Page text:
"name":"Maki",
        "color":"calico"
      },
      {
        "id":"4",
        "name":"Toufik",
        "color":"stripped"
      }
    ]
  }
}

This is nice! However remember that one of GraphQL most powerful feature is to allow consumers to specify the data they actually need. What if we only care about pets id and color? Let’s try a new filtered query:

$ echo '{ "query":
  "query {
    allPets {
      id
      color
    }
  }"
}' | tr -d '\n' | curl \
  -X POST \
  -H "Content-Type: application/json" \
  -s -d @- \
  http://localhost:8585/graphql/Petstore+Graph+API/1.0

{
  "data":{
    "allPets":[
      {
        "id":"1",
        "color":"blue"
      },
      {
        "id":"2",
        "color":"stripped"
      },
      {
        "id":"3",
        "color":"calico"
      },
      {
        "id":"4",
        "color":"stripped"
      }
    ]
  }
}

Fantastic! ๐Ÿ™Œ Microcks is applying GraphQL semantics and filter your mock data!

๐Ÿ’ก As a consequence you understand the importance with GraphQL of providing value for all the mock attributes. This doesn’t mean that your consumers will receive everything but you’ll oferr them the ability to apply GraphQL semantics.

This is your first GraphQL mock ๐ŸŽ‰ Nice achievement!

4. Using query variables in GraphQL query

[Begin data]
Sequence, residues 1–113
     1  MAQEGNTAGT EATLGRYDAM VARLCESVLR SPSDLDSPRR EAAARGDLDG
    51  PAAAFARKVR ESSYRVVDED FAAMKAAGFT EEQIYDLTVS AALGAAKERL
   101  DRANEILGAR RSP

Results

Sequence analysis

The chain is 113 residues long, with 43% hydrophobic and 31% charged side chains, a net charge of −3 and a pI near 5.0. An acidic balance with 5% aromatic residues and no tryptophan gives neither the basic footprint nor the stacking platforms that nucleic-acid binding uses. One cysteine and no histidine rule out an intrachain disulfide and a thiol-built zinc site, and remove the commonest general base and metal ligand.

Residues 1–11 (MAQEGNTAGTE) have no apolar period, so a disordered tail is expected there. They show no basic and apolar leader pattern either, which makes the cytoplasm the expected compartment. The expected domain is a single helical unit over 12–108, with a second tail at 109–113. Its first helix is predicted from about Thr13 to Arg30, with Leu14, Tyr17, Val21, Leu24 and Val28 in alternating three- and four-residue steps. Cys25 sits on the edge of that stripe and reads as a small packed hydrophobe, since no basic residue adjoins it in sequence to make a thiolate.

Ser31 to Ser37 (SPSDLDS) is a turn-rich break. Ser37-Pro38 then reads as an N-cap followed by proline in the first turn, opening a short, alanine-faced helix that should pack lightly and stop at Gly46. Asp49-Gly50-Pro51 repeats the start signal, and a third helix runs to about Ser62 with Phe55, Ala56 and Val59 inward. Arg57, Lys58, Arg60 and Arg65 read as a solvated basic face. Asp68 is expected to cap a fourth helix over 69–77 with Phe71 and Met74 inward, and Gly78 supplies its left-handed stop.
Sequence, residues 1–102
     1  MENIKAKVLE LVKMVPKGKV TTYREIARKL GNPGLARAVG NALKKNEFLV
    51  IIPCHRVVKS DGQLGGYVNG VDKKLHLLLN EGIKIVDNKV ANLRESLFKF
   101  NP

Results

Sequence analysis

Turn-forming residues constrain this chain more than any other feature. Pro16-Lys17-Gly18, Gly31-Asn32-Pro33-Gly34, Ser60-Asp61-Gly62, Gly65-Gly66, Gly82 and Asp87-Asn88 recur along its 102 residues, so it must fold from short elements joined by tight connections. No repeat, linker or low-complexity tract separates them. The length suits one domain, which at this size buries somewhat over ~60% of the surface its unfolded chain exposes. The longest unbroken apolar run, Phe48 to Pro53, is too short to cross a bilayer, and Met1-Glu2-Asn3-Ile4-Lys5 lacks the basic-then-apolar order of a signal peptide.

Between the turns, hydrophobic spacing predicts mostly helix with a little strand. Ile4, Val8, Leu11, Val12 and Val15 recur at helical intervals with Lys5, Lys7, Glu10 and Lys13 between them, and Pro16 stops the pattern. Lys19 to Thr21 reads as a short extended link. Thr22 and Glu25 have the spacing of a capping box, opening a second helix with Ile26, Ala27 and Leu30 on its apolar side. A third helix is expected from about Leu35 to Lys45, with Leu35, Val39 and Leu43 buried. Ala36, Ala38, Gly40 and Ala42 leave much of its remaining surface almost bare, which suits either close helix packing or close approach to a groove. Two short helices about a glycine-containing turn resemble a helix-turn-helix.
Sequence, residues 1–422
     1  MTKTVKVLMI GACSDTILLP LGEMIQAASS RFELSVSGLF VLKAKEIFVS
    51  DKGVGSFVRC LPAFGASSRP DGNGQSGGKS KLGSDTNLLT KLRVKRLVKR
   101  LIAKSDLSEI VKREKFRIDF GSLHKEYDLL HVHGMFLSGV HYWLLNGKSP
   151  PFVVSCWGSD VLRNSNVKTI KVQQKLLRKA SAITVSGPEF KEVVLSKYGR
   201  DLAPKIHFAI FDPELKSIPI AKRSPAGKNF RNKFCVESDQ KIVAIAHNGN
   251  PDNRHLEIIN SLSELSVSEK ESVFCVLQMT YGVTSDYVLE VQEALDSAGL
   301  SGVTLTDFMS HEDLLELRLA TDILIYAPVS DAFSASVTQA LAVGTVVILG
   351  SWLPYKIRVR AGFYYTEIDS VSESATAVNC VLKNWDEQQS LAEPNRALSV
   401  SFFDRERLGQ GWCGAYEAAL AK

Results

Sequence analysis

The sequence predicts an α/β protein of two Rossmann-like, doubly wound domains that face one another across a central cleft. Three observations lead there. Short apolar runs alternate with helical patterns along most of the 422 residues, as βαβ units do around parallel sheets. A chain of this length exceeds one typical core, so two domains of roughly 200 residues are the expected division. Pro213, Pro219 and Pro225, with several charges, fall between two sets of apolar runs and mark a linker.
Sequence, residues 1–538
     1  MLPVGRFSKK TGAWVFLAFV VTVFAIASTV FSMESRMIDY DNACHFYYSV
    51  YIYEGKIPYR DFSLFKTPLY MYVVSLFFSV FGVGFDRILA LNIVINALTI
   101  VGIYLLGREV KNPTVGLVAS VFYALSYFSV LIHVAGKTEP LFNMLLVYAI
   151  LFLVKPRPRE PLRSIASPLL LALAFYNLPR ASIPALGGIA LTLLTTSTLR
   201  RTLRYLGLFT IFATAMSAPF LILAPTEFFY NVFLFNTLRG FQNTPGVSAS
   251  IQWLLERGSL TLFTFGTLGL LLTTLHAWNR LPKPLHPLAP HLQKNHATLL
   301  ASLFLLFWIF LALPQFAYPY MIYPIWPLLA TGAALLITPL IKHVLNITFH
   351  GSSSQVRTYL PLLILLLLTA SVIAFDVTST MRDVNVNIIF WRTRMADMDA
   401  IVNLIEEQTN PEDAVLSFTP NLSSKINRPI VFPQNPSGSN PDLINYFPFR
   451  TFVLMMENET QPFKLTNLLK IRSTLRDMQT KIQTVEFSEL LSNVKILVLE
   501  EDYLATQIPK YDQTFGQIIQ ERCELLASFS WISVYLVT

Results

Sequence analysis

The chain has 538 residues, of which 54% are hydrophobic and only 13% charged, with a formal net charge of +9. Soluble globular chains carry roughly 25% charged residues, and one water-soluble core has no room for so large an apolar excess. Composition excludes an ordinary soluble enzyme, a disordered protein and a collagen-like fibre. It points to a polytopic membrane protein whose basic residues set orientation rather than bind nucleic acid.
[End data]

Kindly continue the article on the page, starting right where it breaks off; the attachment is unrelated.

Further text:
Let’s make things a bit more elaborated by adding query arguments. Now assume we want to provide a simple searching method to retrieve all pets in store using simple filter. We’ll end up adding a new searchPets() method in your API. Of course, we’ll have to define a name input argument so that users will specify name=zoe to get all the pets having zoe in name.

So we’ll add a new query in our GraphQL schema like below:

type Query {
  allPets: [Pet]!
  searchPets(name: String!): [Pet]
}

You can then import the updated GraphQL file into Microcks using the upload dialog but without ticking the box as we want to update our service definition and not simply add test data. You can check the updated result:

image

What about the dispatcher property we mentioned earlier? You can see that it now have the QUERY_ARG value. Because of the presence of arguments in the new query definition, Microcks has inferred a routing logic based on this argument. If you get access to the operation details, you’ll see that the associated rule is name. Microcks will use the name to route incoming GraphQL query.

Let’s complete our Postman Collection with a new request for the new searchPets method and a new example for searching for pets having a k in their name. This time it can be useful to provide also an example for the request body that is now using a variable identified with $name:

image
image
image

๐Ÿšจ Take care of saving your edits before exporting!

Import this updated Postman Collection back in Microcks - this time you need to tick the box - and see the results: